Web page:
1

Text is appropriated and manipulated from the website Psych Press: Talent Management Psychologists. The original text can be found online at www.psychpress.com.au AFTER THE PAUSE VOLUME 2 ISSUE 1

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Connie Guo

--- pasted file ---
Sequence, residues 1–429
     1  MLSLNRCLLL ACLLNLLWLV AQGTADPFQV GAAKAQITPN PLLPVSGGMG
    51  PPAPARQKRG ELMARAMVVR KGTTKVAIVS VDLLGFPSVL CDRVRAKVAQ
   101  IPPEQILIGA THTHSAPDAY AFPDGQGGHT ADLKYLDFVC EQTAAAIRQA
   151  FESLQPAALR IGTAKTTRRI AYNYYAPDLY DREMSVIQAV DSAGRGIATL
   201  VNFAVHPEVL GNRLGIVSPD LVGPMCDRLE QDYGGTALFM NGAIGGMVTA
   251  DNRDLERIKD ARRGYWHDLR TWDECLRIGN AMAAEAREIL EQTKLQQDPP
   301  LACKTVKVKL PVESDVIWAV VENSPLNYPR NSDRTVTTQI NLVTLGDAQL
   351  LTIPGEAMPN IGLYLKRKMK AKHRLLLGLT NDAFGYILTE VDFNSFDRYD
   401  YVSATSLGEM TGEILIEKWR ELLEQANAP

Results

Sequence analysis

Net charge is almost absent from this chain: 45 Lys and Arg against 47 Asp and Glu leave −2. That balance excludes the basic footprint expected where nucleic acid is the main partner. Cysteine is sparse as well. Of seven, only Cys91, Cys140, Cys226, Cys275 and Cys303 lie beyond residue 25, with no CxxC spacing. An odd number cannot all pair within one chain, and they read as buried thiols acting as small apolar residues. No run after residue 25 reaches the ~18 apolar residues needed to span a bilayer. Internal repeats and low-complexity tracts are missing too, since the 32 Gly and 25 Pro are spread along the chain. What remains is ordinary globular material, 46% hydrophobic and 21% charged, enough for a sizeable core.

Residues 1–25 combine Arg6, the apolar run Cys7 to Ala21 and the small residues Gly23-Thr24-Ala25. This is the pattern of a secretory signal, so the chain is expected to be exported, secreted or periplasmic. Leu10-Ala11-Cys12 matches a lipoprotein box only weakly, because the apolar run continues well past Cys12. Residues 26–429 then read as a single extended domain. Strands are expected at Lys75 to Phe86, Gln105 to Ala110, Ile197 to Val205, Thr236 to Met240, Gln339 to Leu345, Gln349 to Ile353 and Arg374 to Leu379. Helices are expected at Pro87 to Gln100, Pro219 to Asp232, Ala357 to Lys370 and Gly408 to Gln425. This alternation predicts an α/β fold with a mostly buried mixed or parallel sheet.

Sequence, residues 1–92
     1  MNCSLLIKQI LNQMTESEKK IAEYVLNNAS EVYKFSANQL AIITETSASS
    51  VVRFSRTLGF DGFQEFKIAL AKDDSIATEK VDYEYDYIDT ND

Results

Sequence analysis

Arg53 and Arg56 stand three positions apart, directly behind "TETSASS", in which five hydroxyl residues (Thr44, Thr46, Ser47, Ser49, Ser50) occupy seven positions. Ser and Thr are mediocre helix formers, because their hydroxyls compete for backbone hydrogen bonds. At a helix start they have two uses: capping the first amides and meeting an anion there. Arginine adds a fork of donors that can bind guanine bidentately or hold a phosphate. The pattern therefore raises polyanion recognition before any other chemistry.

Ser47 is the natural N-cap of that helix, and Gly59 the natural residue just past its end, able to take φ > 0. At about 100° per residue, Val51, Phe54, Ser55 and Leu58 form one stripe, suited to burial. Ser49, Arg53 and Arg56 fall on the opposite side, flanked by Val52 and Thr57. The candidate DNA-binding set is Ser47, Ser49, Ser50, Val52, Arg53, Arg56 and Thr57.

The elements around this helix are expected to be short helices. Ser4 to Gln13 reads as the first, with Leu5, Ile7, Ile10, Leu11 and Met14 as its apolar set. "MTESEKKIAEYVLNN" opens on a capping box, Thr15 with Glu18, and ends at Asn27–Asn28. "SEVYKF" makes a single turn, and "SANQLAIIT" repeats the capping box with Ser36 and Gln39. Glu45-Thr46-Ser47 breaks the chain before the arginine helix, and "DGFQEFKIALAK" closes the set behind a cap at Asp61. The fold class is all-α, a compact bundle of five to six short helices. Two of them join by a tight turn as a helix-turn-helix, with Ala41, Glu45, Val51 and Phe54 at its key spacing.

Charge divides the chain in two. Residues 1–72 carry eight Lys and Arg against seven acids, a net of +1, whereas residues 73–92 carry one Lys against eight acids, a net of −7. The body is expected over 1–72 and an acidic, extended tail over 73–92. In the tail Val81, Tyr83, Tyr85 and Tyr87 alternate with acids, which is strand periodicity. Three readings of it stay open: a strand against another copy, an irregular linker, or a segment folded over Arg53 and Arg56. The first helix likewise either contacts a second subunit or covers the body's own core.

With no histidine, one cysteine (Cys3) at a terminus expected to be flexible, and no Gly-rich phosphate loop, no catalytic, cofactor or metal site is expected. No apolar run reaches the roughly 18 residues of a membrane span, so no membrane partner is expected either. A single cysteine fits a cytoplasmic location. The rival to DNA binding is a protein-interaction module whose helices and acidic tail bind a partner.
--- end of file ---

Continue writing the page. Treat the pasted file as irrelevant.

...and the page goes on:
Between You and Me I think I died yesterday. I think I was standing by a second story window, the big one in the guest bedroom that overlooked the driveway, and I think you pushed me out of it. You probably did it because I decided to open all the windows in the house that morning since the weather was so nice. It was one of those rare transition days, when the atmosphere was still shedding the smothering summer heat and taking on the crisp edge of autumn. The world was cutting its teeth on the first scent of decay, a lingering, in-between turning point teetering somewhere on the precipice of atrophy, an off-beaten limbo encased in stillness. The air wasn’t as heavy as it usually was, and the sky was clear and cloudless, a sun-bleached blue with faded edges tucked around the horizon. The occasional breeze carried nature’s smell, of dirt and grass and breathing plants, and the weak sun spilled more freely onto the carpet, the pale color of watery milk. But you didn’t like it. You didn't like how the wind that was blowing through the windows slammed all the doors shut. You said the weather was the kind you always hated, that it bothered you inside, made you distinctly uncomfortable. The sunlight was harsh, scraping, piercing, so sharp-edged you had to squint against it, and you told me you couldn't exist well in that type of weather. It was oppressive, gave you the feeling of being small; it made you want to cry. What you really preferred was summer snow, when the temperature suddenly dropped and the sky clouded over, a light dusting of frozen flecks brushing white ice over green lawns with snowflakes being dashed from existence on the palm of your hand. When I reminded you that something like that was impossible in the South, you got angry as you always did. Your dark eyebrows knitted together, indignant, and a red burn swept across your cheeks. You snapped, called me an insensitive asshole, and told me that I didn’t need to say it, that I obviously didn’t get what you meant. But you might have also pushed me yesterday because you liked the way insects would slam up against the glass panels, knocking their heads against the clear surface three times before realizing there was no way in. Except, with all the windows open, they darted inside, buzzing noisily in your breathing space. I think I remember you told me that out in the backyard under the shaded veranda during the summer months. You were drinking grape juice even though you were mildly allergic to the stuff, something about the juice making your throat swell up a little, but it didn't bother you because you loved it like you never loved me (which, I realize, might be another reason too). It possibly also has to do with that piano I was playing a month ago, the one my dad foisted on us because he decided that it took up too much space in his house. It was old to begin with: a creaking upright piano made of dark chocolate wood, the shine and polish worn away with time, lined with a row of keys, sallow and yellow like rotting teeth. It was out of tune, of course, and poorly maintained. The piano AFTER THE PAUSE VOLUME 2 ISSUE 1